1. Imbalance In Gender Ratio Addressed By Religious Leaders
2. Religious Leaders condemn determination of sex in hospitals
3. Religious groups overcome objections to cervical cancer vaccines
4. Religious sensitivity of medicos gender-dependent
5. Doctors Response To Patients Religious Beliefs Can Vary
6. Religious Leaders Come In The Way Of Euthanasia
7. Positive Religious Beliefs Might Help In Coping Through Medical Crisis
8. Religious Activities Could Promote Obesity
9. Brain Structured to Make Human Beings Religious, Claims a US Scientist
10. The Key To Prevention Of Heart Disease In Adults
11. The Harmful Effects Of Stress in Young Adults
Post Your Comments:

(Date:10/12/2015)... ... ... American Family Care (AFC), the nation’s leading provider of urgent care and ... Located at 606A Boll Weevil Circle in Enterprise, it is the company’s ninth location ... quality health care accessible and economical with the opening of our medical center in ...
(Date:10/12/2015)... ... October 12, 2015 , ... Etymotic Research, manufacturer ... version of Companion Mics, the CM•4 Multi-Talker Noise Reduction System, as well as ... Aid Acousticians’ (EUHA) 60th Annual Congress in Nuremberg, Germany. , The conference ...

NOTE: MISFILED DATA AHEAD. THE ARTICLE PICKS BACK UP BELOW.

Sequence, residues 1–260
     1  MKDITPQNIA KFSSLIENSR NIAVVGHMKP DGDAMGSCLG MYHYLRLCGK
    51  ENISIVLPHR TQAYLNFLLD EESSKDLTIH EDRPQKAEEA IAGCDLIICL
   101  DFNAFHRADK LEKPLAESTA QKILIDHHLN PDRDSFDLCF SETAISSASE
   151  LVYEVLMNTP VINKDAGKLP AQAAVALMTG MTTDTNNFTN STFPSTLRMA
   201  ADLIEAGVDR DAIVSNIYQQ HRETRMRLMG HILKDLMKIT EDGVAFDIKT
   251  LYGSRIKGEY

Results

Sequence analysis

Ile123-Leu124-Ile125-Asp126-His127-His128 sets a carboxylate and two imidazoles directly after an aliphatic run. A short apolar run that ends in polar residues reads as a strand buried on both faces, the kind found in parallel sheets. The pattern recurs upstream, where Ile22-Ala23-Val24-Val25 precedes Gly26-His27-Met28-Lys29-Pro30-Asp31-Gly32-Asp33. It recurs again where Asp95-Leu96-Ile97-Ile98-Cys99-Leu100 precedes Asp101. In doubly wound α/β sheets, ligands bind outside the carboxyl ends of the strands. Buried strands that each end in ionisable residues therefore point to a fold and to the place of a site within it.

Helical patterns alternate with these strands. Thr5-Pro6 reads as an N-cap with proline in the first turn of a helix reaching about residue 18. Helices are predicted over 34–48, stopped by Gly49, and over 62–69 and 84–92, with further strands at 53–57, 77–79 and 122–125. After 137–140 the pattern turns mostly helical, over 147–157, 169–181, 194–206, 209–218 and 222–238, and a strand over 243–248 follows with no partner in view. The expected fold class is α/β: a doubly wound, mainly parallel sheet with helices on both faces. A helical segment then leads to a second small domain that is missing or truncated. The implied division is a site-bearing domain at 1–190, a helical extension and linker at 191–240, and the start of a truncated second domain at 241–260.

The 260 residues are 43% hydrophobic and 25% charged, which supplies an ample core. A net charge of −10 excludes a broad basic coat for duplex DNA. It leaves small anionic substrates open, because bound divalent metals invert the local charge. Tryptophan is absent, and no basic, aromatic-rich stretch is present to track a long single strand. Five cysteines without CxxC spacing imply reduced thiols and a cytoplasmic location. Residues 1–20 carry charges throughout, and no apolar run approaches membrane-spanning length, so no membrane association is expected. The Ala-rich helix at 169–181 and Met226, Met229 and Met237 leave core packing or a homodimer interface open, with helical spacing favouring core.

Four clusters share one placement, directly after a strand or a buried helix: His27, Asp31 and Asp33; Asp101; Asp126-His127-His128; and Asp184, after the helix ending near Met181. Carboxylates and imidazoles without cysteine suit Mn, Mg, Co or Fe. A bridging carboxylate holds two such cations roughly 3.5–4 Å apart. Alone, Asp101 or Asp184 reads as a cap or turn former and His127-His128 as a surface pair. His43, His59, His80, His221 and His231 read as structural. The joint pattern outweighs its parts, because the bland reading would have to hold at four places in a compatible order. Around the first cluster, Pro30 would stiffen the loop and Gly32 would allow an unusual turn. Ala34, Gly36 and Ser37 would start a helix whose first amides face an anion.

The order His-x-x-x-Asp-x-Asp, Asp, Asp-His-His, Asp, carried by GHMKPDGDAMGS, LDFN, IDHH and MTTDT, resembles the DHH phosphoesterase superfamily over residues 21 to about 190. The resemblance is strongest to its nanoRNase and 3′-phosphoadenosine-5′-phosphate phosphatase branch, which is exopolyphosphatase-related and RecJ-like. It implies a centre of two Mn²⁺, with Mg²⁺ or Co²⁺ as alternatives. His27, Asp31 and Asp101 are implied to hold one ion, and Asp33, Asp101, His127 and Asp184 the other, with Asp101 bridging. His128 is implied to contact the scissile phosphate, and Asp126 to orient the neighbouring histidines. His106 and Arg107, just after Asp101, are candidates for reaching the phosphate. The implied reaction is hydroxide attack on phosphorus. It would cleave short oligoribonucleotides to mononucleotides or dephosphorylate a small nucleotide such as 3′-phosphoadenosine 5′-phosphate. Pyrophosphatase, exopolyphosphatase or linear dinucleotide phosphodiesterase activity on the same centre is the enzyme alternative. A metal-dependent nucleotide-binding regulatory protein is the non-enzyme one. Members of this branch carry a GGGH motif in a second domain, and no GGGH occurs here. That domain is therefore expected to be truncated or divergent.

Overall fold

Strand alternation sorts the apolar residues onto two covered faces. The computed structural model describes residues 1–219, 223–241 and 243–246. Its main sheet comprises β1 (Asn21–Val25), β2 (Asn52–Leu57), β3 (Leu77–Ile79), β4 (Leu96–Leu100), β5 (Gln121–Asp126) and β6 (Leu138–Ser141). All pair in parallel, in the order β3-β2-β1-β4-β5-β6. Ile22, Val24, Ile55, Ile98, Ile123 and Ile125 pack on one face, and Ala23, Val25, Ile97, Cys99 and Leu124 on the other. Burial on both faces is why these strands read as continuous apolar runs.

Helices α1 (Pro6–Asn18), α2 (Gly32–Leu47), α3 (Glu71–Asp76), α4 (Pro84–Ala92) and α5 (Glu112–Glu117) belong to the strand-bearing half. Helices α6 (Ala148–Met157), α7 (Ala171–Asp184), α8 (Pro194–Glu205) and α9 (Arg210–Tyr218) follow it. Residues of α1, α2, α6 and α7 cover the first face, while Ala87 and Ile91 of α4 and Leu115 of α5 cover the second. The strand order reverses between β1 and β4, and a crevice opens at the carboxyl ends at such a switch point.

(Date:10/12/2015)... , ... October 12, 2015 , ... ... IQ Formulations today announced its charitable donation to the National Breast Cancer Foundation. ... in those affected by breast cancer through early detection, education, and support services. ...
(Date:10/12/2015)... , ... October 12, 2015 , ... Holcomb – Kreithen ... practices in Florida, announced today that it will host “Plastic Surgery University,” an educational ... University Town Center (“UTC Mall”) in Sarasota, FL on Saturday, October 24, 2015. ...
(Date:10/12/2015)... ... October 12, 2015 , ... International law firm Greenberg Traurig, ... the U.S. Biomedical Advanced Research and Development Authority (BARDA) reported to be worth ... Autologous Cell Harvesting Device under a U.S. mass casualty preparedness program. ...
Breaking Medicine News(10 mins):
(Date:10/12/2015)... , Oct. 12, 2015  Edwards Lifesciences Corporation (NYSE: ... valves and hemodynamic monitoring, plans to announce its operating results ... closes on Monday, October 26, 2015, and will host a ... those results. . A live stream and ... downloading Edwards, IR App for iPhone and iPad ...
(Date:10/12/2015)... , October 12, 2015 --> ... insights on the global vital signs monitoring devices market in ... Industry Analysis and Opportunity Assessment 2015-2025." The global vital signs ... CAGR of 9.5% and 9.2% in terms of value and ... which FMI offers major insights in detail in this report. ...
(Date:10/12/2015)... Oct. 12, 2015 Beginning October 1, 2015 ... Partner, the fastest growing practice management system for therapists, ... easily converts all patient diagnostic codes from the former ... --> --> Therapy Partner has ... mental health practitioners to easily understand the conversion to ...
Breaking Medicine Technology: